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Meet our new CEO, Nicolas Mounard

Nicolas Mounard joined Farm Africa at the end of February 2016. He has extensive experience of managing commercial and non-for-profit organisations and of designing, developing and managing long term agricultural value chain programmes in developing countries. Here, Nico tells us a little about why he wanted to work at Farm Africa, and what he's looking forward to in his first few months. 

1. Why did you want to work for Farm Africa?

"There's such a strong story of people behind products. When I started to work on tea, coffee and honey, I started to understand the huge history that is behind these products and the number of people who are involved and it fascinated me - so I went deeper and deeper and met a lot of fascinating people and that was the beginning of my journey.

I've met a lot of inspiring smallholders in my life. A particularly inspiring group of smallholders was a coffee cooperative called Kopakama in Rwanda, in Kibuye, just on the Kivu lake. It's a cooperative of 300-350 farmers, and a lot of them are women. A group of 120-150 women decided to buy a piece of land and take care of that piece of land jointly, just to prove the business case that they could do better than men, and they achieved an amazing result both in terms of quality and yield. It was a beautiful story."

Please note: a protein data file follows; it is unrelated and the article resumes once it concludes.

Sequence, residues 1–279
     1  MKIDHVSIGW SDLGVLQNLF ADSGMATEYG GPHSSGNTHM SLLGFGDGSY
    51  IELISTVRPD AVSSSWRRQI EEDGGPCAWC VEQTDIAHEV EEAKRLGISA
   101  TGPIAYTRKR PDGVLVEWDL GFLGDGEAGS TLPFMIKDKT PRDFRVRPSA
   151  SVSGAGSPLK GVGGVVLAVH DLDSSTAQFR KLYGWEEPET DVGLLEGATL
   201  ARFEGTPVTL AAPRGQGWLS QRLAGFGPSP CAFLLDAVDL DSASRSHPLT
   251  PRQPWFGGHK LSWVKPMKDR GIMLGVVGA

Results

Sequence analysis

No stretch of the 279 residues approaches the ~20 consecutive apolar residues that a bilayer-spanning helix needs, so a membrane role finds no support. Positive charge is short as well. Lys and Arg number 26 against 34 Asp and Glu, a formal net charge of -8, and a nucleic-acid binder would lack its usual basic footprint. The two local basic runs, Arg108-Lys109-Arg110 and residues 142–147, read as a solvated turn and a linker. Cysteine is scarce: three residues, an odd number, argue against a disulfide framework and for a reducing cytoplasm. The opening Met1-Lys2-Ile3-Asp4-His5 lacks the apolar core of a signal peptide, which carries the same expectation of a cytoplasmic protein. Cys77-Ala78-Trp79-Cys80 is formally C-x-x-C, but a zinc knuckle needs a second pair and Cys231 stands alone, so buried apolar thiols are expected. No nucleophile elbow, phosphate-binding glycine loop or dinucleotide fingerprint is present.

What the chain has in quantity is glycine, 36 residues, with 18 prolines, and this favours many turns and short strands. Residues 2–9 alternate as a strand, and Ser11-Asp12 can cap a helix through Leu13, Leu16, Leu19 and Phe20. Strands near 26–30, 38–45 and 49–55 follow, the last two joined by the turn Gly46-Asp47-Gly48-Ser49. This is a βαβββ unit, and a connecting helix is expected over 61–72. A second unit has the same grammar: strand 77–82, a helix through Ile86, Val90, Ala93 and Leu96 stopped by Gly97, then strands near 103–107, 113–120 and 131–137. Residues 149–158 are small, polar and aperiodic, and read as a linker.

2. What is the biggest challenge we face in overcoming poverty in rural Africa?

"For me the key way to reduce poverty is reducing that distance between the market and farmers. At the moment farmers are so far away from the market that they have to sell their product for a very low price, not covering the cost of production, which just feeds the cycle of poverty.

I think we need to make sure firstly that farmers can make a good living and secondly that they can invest. Farming there and farming here is exactly the same - you need to be able to invest in your farm to make sure that it grows. And the prices farmers get at the moment just don't allow that. So the question of a fair price, a good price, is key for them."

3. Why do you think farming in Africa is relevant for the British public?

4. What are you most excited about in the months ahead?

"First of all, I'm going to see our teams in-country next week, so I'm travelling to Nairobi and then Addis, and I'm really looking forward to meeting the people working for us and the farmers we're working with.

From a programmes point of view, I think Farm Africa's three main strengths are in agriculture, environment and market engagement, and I look forward most to strengthening that last part - engaging with the market and making sure that farmers can get closer to the places where they can sell their products. That's what I've dedicated my life to for the last twelve years and I want to bring that to Farm Africa."

5. Do you have a message for Farm Africa's supporters?

You can keep up with Nico's projects and the latest developments at Farm Africa by signing up to our newsletter or following us on Facebook - we'd love to hear from you.